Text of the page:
It is expected that unless an application for Special Consideration (done centrally by the University) or Special Arrangements has been approved, students will submit all assessments for a unit of study on the specified due date. If the assessment is completed or submitted within the period of extension, no academic penalty will be applied to that piece of assessment. If an extension is either not sought, not granted or is granted but work is submitted after the extended due date, the late submission of assessment will result in an academic penalty as follows, unless otherwise stated in the course resolutions: • Late assignments that have not been granted extensions and are of a standard to receive a pass or higher mark will attract a penalty of 5% of the maximum mark per day late including weekend days (e.g. if the assignment is worth 40 marks, the penalty is 2 marks per day late) until the mark reaches 50% of the maximum mark (e.g. 20 marks if the maximum is 40 marks). • Assignments that are not of a pass standard will not have marks deducted and will fail regardless. • Assignments submitted more than 10 days late without prior approval from the unit of study coordinator will not be accepted and will be given a zero (0) mark.

Academic integrity

The Current Student website  provides information on academic integrity and the resources available to all students. The University expects students and staff to act ethically and honestly and will treat all allegations of academic integrity breaches seriously.  

We use similarity detection software to detect potential instances of plagiarism or other forms of academic integrity breach. If such matches indicate evidence of plagiarism or other forms of academic integrity breaches, your teacher is required to report your work for further investigation.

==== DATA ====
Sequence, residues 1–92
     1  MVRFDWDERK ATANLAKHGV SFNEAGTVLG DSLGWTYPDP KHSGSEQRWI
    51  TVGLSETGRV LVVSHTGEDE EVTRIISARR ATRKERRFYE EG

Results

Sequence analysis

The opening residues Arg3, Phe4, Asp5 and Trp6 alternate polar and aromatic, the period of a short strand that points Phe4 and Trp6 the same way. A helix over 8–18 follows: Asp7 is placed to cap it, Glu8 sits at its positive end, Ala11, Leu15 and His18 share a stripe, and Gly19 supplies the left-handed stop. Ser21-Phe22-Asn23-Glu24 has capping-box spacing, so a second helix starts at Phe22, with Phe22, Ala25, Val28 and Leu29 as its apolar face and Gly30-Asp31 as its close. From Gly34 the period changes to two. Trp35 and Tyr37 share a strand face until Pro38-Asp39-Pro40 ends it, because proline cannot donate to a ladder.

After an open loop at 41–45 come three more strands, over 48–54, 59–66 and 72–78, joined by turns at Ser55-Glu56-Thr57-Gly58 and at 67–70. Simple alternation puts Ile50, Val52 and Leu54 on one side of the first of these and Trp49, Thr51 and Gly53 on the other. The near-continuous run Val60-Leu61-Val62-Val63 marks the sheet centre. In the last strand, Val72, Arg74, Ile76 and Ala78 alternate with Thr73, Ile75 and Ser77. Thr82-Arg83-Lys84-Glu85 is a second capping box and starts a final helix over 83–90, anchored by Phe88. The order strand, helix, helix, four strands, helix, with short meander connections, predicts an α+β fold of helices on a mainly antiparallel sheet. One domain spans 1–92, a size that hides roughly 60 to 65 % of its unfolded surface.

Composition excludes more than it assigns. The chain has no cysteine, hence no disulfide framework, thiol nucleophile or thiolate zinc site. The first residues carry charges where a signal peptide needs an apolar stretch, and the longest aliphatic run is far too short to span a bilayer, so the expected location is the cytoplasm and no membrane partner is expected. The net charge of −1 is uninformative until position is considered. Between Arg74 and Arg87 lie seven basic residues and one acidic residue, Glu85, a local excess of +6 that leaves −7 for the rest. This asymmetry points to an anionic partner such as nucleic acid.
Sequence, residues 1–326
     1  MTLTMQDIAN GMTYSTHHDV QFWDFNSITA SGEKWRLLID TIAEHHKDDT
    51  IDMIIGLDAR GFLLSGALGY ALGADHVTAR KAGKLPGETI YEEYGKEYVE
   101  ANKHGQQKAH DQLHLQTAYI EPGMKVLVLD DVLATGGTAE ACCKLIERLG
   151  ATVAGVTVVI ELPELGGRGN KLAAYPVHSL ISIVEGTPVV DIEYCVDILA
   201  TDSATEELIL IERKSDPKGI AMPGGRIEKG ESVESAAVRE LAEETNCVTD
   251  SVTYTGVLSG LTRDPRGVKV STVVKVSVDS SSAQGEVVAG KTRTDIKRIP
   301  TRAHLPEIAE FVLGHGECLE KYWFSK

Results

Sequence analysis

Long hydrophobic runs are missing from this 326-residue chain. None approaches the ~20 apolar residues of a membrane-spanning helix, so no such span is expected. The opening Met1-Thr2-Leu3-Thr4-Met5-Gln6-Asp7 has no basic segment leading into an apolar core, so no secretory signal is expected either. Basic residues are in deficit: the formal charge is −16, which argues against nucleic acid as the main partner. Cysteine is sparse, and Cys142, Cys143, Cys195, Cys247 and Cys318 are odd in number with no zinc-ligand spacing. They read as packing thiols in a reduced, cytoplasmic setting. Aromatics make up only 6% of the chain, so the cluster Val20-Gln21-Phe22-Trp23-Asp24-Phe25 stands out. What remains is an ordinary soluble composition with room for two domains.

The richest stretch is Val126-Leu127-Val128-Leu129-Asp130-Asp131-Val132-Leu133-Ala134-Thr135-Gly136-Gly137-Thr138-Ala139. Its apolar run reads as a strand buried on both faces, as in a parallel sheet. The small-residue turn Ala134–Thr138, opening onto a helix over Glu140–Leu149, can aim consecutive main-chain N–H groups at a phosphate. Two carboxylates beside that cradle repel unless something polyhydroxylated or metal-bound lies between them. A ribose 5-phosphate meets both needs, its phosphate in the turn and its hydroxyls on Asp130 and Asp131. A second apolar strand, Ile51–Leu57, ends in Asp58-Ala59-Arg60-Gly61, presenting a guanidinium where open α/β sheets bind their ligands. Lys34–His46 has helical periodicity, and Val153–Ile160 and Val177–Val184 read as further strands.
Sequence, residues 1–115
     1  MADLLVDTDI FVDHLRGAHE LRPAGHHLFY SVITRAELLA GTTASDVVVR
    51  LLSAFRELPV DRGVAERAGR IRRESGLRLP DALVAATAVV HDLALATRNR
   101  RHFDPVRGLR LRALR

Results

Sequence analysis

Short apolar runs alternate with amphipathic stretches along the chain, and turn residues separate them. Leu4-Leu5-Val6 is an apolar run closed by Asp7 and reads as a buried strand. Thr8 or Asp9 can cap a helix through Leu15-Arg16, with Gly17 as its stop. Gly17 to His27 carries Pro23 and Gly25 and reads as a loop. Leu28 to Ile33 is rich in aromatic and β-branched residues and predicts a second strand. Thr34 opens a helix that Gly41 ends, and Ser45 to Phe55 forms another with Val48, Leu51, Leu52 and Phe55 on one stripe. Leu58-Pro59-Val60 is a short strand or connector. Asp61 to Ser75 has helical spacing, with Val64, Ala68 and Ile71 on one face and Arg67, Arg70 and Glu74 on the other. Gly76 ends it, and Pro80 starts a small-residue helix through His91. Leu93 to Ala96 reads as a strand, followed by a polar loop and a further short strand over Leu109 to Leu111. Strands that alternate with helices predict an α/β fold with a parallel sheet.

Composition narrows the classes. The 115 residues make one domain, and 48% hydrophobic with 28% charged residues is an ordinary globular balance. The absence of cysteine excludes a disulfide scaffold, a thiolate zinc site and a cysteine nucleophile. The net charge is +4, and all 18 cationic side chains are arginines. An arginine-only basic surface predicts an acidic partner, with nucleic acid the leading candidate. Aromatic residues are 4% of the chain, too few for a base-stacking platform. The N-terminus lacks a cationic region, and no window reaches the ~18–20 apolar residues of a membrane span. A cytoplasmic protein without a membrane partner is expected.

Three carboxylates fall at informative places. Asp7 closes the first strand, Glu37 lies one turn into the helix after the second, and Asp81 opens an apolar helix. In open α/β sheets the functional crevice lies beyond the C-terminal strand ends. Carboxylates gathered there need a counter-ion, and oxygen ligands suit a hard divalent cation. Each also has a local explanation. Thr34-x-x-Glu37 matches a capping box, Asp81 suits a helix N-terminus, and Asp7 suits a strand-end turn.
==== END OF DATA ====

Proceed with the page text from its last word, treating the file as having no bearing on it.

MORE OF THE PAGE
You may only use artificial intelligence and writing assistance tools in assessment tasks if you are permitted to by your unit coordinator, and if you do use them, you must also acknowledge this in your work, either in a footnote or an acknowledgement section.

Studiosity is permitted for postgraduate units unless otherwise indicated by the unit coordinator. The use of this service must be acknowledged in your submission.

Simple extensions

If you encounter a problem submitting your work on time, you may be able to apply for an extension of five calendar days through a simple extension.  The application process will be different depending on the type of assessment and extensions cannot be granted for some assessment types like exams.

Special consideration

If exceptional circumstances mean you can’t complete an assessment, you need consideration for a longer period of time, or if you have essential commitments which impact your performance in an assessment, you may be eligible for special consideration or special arrangements.

Special consideration applications will not be affected by a simple extension application.

Using AI responsibly

Co-created with students, AI in Education includes lots of helpful examples of how students use generative AI tools to support their learning. It explains how generative AI works, the different tools available and how to use them responsibly and productively.

WK Topic Learning activity Learning outcomes
Weekly See canvas Online class (130 hr) LO1 LO2 LO3 LO4 LO5 LO6 LO7 LO8 LO9 LO10 LO11 LO12 LO13 LO14 LO15 LO16 LO17 LO18 LO19 LO20

Attendance and class requirements

Requirements for passing the unit: All students are required to successfully complete the University’s Academic Honesty Education Module in their first year of candidature. The module contains information and a number of quizzes. It can be accessed through the Canvas course list.

Study commitment

Typically, there is a minimum expectation of 1.5-2 hours of student effort per week per credit point for units of study offered over a full semester. For a 6 credit point unit, this equates to roughly 120-150 hours of student effort in total.

Required readings

See canvas

Learning outcomes are what students know, understand and are able to do on completion of a unit of study. They are aligned with the University's graduate qualities and are assessed as part of the curriculum.